The limestone formation that covers the river is estimated to have been standing there between 16-20 million years. That is longer than one civilization could last. Even the Aksumite Empire and the Vedic Period of India fell into demise after ~1,000 years. But these rocks have been here, if the computation is to be believed, even before nation-states arose and the hunter-gatherers developed their instincts for scavenging. It’s almost historically impossible.

And yet it’s there, for all Filipinos and foreigners to see. And we can rely on it better than the bamboo for a collective metaphor — that in our lowest moments we can look up to the stalactites and believe we are made of the same stuff that has kept them hanging in there.

If my analysis is right, PPSRNP is now the fourth most voted site and still going up the list to this hour. Vote on

There’s this soul 3.0

You are the thing that broke me.

The thing: your ghost in my head, the one that haunts however I revisit the place where we first met. I passed by it two weeks ago, first time this year. A thin film with you standing there and I standing there, and that tree I was staring my blank stare at, and how everything was still and expecting nothing: my mind is the reel and these are the only images it makes appear.

The thing: your way with me. Whether you liked me remains un-hinted at, but you asked for parts of me: my twelve o’ clocks, my divided senses upon crossing streets or waiting for train rides, laughs inaudible but already causing a tremor inside, my bag of bones at your door, which shed its skin and flesh on your floor, my waking hours…

The thing: the first thing at first light I wanted to recognize.

The thing, the idea of you — perhaps the timing, the events that constituted your coming and going, the stranger I came to know but didn’t know — it’s what broke me.

But of all the unexpected things the Universe poured into my earthen vessel — cold, breaking in its transgression, hard before fragile — you are the only one I wanted to keep.

And yet I couldn’t.

Yes, there really are souls I send letters in space to. But you are the thing that broke me. I don’t intend to write you anymore; for a long, long time I won’t.


Being here: A boy falling through a crevice, chasing answers, and a non-ode to this city

20140627-015221.jpgWhere am I? It’s a question that recurs; it’s chasing the answer after you’ve settled for something else for so long — more like.

I created this blog when I was still renting a cramped space in Boni with my little sister. I was 24. The first words I wrote were: Where am I now?

I remember after we hied off to the roof deck of our condominium — my little sister and I — I was looking at the towers that punctuated the Makati skyline. Exclamation points, not question marks. I knew I was going to live in that city.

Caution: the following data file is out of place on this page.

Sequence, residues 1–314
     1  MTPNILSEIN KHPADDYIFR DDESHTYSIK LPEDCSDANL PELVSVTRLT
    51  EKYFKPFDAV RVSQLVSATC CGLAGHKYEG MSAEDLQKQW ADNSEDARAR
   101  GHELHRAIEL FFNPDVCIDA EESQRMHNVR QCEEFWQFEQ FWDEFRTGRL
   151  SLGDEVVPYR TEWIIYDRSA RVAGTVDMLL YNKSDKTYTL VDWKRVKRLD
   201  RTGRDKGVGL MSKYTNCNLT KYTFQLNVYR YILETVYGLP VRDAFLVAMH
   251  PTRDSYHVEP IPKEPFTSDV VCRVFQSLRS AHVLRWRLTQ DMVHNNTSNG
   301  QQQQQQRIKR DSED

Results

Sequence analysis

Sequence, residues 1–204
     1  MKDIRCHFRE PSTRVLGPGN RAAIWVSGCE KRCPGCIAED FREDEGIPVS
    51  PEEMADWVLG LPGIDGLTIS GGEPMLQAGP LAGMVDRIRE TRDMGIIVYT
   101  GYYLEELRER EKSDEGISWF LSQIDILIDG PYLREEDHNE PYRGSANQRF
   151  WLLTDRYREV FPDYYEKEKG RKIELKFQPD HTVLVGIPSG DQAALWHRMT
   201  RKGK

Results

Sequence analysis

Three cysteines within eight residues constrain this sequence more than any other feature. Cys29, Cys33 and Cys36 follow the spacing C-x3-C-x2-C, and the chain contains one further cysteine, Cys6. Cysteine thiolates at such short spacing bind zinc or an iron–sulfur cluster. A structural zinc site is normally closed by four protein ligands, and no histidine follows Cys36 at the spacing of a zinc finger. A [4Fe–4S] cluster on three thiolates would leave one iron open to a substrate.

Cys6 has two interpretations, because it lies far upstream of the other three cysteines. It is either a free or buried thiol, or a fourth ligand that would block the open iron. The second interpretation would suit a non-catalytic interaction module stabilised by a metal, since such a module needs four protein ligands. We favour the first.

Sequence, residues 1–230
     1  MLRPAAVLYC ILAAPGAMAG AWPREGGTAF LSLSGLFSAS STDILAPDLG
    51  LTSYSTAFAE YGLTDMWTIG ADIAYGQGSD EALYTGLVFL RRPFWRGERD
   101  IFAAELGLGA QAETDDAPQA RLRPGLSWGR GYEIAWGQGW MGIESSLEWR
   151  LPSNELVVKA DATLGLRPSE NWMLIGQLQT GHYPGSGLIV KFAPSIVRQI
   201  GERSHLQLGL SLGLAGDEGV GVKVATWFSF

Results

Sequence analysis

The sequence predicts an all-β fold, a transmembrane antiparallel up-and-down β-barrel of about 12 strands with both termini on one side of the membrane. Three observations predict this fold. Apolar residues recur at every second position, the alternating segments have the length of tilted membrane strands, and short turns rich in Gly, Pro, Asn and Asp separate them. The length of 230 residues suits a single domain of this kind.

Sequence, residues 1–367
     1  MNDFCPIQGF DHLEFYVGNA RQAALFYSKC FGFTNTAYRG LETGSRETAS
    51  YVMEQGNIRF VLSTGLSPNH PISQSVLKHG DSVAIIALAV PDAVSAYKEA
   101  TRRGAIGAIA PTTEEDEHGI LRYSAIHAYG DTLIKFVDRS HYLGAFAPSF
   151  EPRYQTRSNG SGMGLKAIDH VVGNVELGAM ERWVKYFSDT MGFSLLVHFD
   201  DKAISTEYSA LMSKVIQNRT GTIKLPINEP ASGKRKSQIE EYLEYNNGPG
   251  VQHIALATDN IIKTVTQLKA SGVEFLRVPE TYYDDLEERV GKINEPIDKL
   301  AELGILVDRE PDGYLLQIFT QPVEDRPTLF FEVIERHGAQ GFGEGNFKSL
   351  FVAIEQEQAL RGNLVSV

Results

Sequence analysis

Two cities, sporadic thoughts of killing this blog, three jobs, several failed dates, smaller and smaller circles of friends, and four changes of addresses after, here am I. I am still here. Two years and seven months living in Makati. Back where the first generation on my father’s side began before they dispersed to wherever they are now in the country, or elsewhere. And I’ve been thinking, how did I get here?

Because between my Mandaluyong days and Makati nights time stretched like the arms of a boy who was already falling through a crevice. It wasn’t asking where it was. It just was. And here I am, curling myself into a question mark around places I move in to. Knowing that I will not stay. I will be 27 in a month, and I know that this is not the city I will live in always. This won’t be the place where my children will grow. But I got here because I wanted to. It is a difficult place to reach.

And Makati will always be the place I fell in love in, twice. I look back at the choices I made and I feel fine. Pain enhances our pleasure sometimes. Where am I and How did I get here? There are questions inexorably linked to our choices. Perhaps we are a species always in search of better answers. I wonder why do we keep asking the same questions. One day I will pack my bags again, my eyes on a new city, and by that time I will have known an answer, which in turn will be fading slowly into something else. This city has nothing in it to drive me away, not even the tempest of a heartbreak. I will always be the first to leave. It’s in my bloodline.

I suppose this is a city that will prove difficult to say goodbye to.

Pompeii: The city we wanted to love

That there is history to reimagine is where filmmakers piss. James Cameron had the night of 14th and morning of 15th in April 1912 urine-stained down to the last second the tip of RMS Titanic’s stern slipped into the sea. But he needed several research years, a dollar amount that could build a cruise ship in its time, beyond a motley crew of talents, and 194 minutes to own that much–“A love story on an epic scale with spectacular effects,” in cinematographer Russell Carpenter’s words.

So no, we did not expect Paul WS Anderson post-Death Race to be territorial in historical tragedy. But one could not disregard a prologue by way of an eyewitness account, and quoting Pliny the Young was how this film should have started anyway. That, plus a tribe massacre, promising cinematography, and the thrill of seeing Kit Harington outside the cold, ominous walls of Westeros.